Shabnam Minwalla
May 1, 2023
Final Verdict

About the Author

Shabnam Minwalla is a mother of three teenagers, an ardent saree-shopper and a Mumbai-holic. She has spent most of her life with words-editing her school magazine, working as a journalist with the Times of India and writing non-fiction. What she most enjoys, though, is writing fiction. Many of her books for children and young adults-including When Jiya Met Urmila, Saira Zariwala is Afraid, Murder at Daisy Apartments and The Six Spellmakers of Dorabji Street-have won prestigious awards. Her non-fiction book on the Mumbai Neighbourhood of Colaba is very popular. Shabnam was a student at St Xavier’s College in Mumbai and got her MA in Journalism at the University of Southern California in Los Angeles. She was a Chevening Scholar at Wolfson College in Cambridge.

Zen: Love and Resistance in a Politically Charged India

Amritesh Mukherjee reviews Shabnam Minwalla’s Zen (Published by Duckbill, 2023) observing how it is rooted and relatable.

You don’t really need to pick up the papers or watch those shouting matches that are on full display on our news channels to know the state of our nation when it comes to polarization and tolerance. Remember the JNU arrests in 2016? Or the nationwide protests against CAA-NRC in 2019-2020? Or the farmers’ protests in 2020-2021? The list goes on and on, the pile of protests and subdual of any dissent remains constant.

Perhaps more disturbing than that is the mainstream narrative that remains the one and the same through thick and thin, which is why any narrative in this stifling political environment that dares to oppose and makes you stop and think is crucial.

That’s what Zen by Shabnam Minwalla does, and not just that, it targets an audience for whom literature in the market, by and large, remains “apolitical”. In a world where politics makes its way past all nooks and corners, nothing is apolitical or can be.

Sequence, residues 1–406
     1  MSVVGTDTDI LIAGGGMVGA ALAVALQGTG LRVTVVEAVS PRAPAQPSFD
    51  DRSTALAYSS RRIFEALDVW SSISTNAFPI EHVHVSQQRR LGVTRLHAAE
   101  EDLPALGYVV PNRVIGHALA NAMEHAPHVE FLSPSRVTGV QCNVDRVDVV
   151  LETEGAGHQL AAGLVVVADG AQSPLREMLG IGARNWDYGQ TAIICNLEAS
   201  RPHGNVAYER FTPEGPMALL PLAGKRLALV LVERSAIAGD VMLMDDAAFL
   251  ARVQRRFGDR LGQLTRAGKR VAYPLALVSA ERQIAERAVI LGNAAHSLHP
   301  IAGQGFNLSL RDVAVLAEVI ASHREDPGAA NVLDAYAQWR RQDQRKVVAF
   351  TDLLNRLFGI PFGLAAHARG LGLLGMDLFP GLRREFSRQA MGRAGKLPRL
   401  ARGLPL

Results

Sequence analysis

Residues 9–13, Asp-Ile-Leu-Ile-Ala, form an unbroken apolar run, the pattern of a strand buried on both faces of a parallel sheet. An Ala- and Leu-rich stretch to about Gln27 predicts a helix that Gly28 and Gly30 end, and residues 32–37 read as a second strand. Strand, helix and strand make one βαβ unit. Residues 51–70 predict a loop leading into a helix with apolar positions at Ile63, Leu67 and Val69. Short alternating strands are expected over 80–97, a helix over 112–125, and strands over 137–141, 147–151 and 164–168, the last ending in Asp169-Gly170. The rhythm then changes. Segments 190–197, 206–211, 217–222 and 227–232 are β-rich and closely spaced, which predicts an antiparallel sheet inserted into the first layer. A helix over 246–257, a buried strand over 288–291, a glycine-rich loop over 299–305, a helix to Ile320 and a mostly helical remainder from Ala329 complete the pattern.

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The Plot

The intergenerational story follows two teen girls named Zainab, one living in the 21st century, named after her great grandmother, and the other Zainab from the 20th century, both living in an India with deep societal fissures. We follow the 21st-century Zainab (Zen) through third-person narration, and her great-grandmother through her diary entries.

Zen’s world changes when the ruling party announced the Citizen (Amendment) Act or CAA, which, when combined with the NRC (National Register with Citizens), seeks to alienate and oust the Muslim population of the country.

The nation is polarized and politics permeates all aspects of her life. As she prepares for a school debate on “Is Our Constitution Dying?”, an unexpected visitor arrives in her life who would completely change everything. Meanwhile, decades away in the past, Zainab’s engagement has been fixed but she has a new tenant who finds shades of color in her she never knew. Change is all around her and things would change for her too, for better or worse.

Zen and the Lack of Politics in YA Fiction

While it can be argued that India is fairly young when it comes to YA literature, that doesn’t change the fact that popular teen stories tend to lack political discussions. And, in a time when concepts like democratic rights and evolution are slowly removed from textbooks, how do you make the younger generation more aware when there don’t exist political issues in the stories they read?